Page 3451 - Week 11 - Thursday, 19 September 2013

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I also foreshadow that, in relation to the next phase of tax return, the government will pay due heed to a number of changes in the federal landscape in relation to tax reform—namely, it is, as I understand it, the commitment of the incoming federal government to commission a white paper on tax reform. I also understand it is their intention to commission a white paper and seek reform of federal financial state relations. I have read numerous press reports where other state and territory governments have argued for reform of federal-state financial relations, and matters of taxation obviously are impacted by such arrangements. It is entirely possible—one one would anticipate it with a degree of certainty—that there will be changes in the ACT government’s approach to tax reform in the second phase of our reforms that we made in the 2012-13 budget—that is, a commitment to the abolition of insurance duties over five years. That commitment remains, and we will phase out those duties over the course of this parliamentary term. That reform will be complete over the next two budgets.

We also have a long-term aspiration over a 20-year period to abolish stamp duty, and we will make efforts in every budget while I am Treasurer to reduce stamp duty. We have certainly done so in the 2012-13 and 13-14 budgets. However, we will, of course, respond to changing circumstances in relation to, for example, the distribution of the goods and services tax and any incentives offered by the commonwealth government to reform inefficient state and territory taxes. I know other state and territory governments are seeking those incentives. We would enthusiastically embrace any, should they be forthcoming from the tax white paper that is proposed in this term of the federal parliament. The government will, of course, respond to those changing circumstances.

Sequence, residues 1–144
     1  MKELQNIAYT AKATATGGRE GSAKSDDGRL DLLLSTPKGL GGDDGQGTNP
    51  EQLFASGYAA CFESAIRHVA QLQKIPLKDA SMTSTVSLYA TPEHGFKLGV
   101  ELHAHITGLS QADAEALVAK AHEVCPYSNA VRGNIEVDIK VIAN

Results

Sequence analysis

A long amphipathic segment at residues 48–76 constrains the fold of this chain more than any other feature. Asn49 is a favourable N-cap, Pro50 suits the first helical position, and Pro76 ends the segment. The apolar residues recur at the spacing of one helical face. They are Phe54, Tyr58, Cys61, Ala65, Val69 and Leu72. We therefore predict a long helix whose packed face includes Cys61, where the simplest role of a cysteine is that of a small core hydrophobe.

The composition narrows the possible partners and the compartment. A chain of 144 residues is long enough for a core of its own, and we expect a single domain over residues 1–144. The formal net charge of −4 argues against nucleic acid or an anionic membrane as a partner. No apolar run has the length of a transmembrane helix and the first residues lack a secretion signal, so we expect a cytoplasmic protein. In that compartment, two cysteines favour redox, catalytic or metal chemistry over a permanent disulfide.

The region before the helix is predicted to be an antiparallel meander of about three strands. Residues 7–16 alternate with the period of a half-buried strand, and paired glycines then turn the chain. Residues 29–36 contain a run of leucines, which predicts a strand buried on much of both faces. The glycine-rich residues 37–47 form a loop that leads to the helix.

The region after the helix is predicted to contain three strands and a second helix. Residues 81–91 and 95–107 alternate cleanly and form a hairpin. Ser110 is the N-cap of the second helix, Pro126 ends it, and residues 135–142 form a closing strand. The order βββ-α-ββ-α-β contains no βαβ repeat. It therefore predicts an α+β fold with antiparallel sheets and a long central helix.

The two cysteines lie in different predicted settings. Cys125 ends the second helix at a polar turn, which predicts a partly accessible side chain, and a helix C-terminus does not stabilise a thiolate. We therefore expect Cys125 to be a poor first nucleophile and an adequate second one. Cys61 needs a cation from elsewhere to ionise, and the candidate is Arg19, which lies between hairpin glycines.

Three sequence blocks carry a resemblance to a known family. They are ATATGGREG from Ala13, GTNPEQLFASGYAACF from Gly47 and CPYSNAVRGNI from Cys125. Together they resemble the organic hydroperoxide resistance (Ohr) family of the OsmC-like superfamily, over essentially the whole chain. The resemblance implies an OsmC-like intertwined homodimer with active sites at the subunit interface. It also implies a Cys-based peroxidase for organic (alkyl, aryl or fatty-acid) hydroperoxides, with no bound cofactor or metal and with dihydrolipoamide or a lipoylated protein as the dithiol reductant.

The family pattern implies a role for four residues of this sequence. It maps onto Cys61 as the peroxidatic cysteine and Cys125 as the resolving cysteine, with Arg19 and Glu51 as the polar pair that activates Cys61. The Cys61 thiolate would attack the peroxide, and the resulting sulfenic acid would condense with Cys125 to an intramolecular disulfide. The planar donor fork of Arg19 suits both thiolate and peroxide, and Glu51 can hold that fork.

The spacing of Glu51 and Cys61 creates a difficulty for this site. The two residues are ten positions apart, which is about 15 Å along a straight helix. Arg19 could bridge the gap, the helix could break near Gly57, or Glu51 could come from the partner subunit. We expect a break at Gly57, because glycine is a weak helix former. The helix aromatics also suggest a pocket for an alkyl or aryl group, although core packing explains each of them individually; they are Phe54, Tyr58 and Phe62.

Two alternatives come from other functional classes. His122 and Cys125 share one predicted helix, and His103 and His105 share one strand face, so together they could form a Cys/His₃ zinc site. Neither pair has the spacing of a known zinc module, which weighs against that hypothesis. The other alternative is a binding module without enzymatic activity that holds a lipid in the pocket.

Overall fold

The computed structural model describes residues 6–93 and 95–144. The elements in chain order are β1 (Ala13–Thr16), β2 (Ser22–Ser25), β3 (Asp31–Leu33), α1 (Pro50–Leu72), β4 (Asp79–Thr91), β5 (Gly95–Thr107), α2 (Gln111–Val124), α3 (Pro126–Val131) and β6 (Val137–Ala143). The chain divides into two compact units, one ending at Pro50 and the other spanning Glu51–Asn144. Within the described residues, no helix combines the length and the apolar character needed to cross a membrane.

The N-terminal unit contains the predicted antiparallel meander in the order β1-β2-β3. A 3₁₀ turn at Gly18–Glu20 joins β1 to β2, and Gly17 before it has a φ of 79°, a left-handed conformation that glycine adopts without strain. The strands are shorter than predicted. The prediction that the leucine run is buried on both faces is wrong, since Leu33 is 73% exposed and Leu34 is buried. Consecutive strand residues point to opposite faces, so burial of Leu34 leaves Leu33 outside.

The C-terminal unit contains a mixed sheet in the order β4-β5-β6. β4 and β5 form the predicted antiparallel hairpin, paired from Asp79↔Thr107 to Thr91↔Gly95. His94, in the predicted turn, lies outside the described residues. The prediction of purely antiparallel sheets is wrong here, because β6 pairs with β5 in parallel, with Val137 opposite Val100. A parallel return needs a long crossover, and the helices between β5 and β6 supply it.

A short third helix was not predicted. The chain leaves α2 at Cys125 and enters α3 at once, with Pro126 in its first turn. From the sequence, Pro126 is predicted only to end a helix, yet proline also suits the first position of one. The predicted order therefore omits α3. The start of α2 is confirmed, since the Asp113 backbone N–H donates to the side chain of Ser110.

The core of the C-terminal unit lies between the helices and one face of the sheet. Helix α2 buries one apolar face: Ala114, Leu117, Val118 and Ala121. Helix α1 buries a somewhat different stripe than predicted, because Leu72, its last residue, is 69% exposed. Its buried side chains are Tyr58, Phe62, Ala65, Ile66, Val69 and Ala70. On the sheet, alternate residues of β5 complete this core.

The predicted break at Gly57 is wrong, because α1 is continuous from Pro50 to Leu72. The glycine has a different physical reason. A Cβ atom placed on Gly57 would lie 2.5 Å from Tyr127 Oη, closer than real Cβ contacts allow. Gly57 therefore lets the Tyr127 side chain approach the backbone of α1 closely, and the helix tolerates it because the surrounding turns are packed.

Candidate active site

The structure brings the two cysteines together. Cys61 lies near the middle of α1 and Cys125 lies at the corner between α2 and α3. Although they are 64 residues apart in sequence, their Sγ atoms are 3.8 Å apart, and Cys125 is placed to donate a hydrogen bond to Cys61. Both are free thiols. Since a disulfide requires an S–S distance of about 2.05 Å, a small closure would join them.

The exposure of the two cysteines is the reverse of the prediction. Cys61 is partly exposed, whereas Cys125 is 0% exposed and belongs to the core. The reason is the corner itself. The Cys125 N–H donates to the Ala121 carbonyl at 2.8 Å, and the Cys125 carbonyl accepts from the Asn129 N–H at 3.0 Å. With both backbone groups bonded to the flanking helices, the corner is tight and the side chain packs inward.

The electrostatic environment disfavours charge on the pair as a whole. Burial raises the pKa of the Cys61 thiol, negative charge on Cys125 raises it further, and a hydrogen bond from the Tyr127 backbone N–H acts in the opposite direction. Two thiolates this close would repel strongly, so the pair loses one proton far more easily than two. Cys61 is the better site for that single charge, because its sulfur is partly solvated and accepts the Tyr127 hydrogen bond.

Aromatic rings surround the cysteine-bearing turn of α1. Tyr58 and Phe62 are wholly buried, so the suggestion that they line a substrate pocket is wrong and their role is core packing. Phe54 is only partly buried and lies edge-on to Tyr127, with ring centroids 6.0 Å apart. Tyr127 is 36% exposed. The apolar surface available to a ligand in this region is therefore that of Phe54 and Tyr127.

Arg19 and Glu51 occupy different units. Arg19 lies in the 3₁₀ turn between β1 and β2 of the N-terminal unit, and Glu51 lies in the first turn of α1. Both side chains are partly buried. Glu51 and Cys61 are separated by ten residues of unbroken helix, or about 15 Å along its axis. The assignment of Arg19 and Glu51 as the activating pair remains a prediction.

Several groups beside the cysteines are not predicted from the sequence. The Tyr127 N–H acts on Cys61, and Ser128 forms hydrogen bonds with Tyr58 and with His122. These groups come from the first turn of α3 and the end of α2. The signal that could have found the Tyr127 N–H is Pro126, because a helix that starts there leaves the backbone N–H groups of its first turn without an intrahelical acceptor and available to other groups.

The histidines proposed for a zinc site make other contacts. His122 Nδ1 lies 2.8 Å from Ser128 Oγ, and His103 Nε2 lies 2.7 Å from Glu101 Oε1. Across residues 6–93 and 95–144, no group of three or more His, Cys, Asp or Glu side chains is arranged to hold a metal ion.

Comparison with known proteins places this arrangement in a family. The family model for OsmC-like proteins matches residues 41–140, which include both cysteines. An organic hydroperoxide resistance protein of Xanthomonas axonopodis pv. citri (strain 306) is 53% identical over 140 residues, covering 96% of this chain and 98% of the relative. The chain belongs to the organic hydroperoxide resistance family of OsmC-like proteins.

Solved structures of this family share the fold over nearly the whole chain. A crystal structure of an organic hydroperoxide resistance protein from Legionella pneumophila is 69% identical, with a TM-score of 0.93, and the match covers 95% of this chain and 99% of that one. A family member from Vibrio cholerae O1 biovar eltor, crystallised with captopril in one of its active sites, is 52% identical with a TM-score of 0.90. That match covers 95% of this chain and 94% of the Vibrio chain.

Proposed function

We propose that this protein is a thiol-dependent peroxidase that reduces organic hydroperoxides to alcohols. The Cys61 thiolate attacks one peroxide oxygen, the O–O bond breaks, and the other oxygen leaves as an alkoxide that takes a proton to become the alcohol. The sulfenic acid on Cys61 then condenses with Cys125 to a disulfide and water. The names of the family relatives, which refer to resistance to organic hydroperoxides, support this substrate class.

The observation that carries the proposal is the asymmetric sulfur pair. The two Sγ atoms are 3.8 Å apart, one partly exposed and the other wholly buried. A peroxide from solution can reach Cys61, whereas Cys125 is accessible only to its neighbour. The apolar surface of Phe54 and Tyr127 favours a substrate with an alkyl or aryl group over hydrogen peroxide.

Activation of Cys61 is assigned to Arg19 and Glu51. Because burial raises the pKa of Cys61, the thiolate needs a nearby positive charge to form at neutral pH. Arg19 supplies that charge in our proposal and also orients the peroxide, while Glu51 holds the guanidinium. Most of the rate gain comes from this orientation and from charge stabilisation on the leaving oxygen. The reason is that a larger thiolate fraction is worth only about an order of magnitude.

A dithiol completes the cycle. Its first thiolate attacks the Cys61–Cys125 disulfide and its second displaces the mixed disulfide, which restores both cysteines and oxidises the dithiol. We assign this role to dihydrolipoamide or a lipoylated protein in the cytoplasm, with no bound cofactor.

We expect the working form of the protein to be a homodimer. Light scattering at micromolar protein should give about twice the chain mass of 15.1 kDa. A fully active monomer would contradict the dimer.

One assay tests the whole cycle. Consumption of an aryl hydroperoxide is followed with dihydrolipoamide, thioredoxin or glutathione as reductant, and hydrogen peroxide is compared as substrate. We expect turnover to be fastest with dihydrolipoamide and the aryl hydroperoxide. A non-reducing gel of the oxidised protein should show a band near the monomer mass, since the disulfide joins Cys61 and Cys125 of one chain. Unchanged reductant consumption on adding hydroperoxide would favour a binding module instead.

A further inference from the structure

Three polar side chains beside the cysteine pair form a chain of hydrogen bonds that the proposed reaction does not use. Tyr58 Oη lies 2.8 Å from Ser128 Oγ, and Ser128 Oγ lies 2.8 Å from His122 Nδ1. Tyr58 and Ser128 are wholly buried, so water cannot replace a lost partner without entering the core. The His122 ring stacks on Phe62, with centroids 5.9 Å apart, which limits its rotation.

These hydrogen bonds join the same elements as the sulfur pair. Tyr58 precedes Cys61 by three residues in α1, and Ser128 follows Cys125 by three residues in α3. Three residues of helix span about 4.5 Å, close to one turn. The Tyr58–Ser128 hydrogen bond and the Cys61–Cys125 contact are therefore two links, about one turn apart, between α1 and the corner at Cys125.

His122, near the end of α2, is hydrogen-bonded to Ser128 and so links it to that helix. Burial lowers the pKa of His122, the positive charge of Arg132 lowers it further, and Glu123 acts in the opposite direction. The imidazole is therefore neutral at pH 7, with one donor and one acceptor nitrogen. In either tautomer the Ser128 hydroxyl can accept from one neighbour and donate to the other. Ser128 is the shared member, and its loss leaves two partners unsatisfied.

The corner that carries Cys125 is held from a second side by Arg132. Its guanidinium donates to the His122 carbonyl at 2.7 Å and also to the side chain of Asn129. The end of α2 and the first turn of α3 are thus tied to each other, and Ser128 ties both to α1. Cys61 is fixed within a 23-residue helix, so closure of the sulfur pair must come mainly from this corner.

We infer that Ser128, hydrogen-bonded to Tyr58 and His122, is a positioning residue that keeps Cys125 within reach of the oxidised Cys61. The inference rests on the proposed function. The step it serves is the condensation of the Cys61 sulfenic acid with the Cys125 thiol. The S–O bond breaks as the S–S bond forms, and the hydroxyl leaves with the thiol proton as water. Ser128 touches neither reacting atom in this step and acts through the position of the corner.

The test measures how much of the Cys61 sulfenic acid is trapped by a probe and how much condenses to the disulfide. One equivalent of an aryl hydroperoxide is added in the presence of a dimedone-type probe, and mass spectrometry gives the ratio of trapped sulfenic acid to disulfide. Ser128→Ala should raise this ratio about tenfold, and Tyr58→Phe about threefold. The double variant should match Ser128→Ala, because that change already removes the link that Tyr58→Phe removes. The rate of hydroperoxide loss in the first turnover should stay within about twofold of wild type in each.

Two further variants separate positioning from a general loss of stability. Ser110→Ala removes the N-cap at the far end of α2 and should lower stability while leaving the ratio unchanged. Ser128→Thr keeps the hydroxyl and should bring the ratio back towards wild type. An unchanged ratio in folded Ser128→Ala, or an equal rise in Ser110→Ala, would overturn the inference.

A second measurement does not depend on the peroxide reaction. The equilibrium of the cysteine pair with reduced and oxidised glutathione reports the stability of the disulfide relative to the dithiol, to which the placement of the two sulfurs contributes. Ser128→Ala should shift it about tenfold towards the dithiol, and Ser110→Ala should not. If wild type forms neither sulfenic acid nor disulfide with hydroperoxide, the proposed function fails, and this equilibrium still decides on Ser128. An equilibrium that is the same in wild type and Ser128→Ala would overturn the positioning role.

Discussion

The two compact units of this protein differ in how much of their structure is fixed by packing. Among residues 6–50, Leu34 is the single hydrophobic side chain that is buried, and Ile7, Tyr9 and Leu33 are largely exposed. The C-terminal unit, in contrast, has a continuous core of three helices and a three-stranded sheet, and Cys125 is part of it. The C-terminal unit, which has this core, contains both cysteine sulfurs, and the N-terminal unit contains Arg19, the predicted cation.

But I have no issues at all in releasing the modelling. In fact, I released on the day I released the tax reform package the government’s modelling in relation to the impacts of the tax reforms we have announced to date. I indicated in 2012-13 that a rolling five-year program was my preferred way of approaching tax reform, as this undoubtedly will be an area that will be subject to a variety of changing parameters over the year. That approach has certainly proved to be the correct one, given the change of federal government that occurred earlier this month. This means it is highly likely that the circumstances and rate of tax reform will be different in the years ahead than what was anticipated in 2012-13. Indeed, we made changes in the 2013-14 budget to accelerate reform in some areas, particularly in relation to slashing the top rate of commercial stamp duty for large property transactions.

I reiterate that the government remains committed to the abolition over time of inefficient taxes, but we also need to ensure we have a robust revenue base in order to support the operations of the territory. We will, as opportunities present—like we did in the 2013-14 budget—make changes to policy settings to accelerate the rate of stamp duty reduction. One such example was the money saved from the changes to the first home owner’s grant was put into accelerating the rate of stamp duty reduction, and, therefore, not requiring revenue replacement through the rates system. We will continue to take those opportunities when they present themselves.

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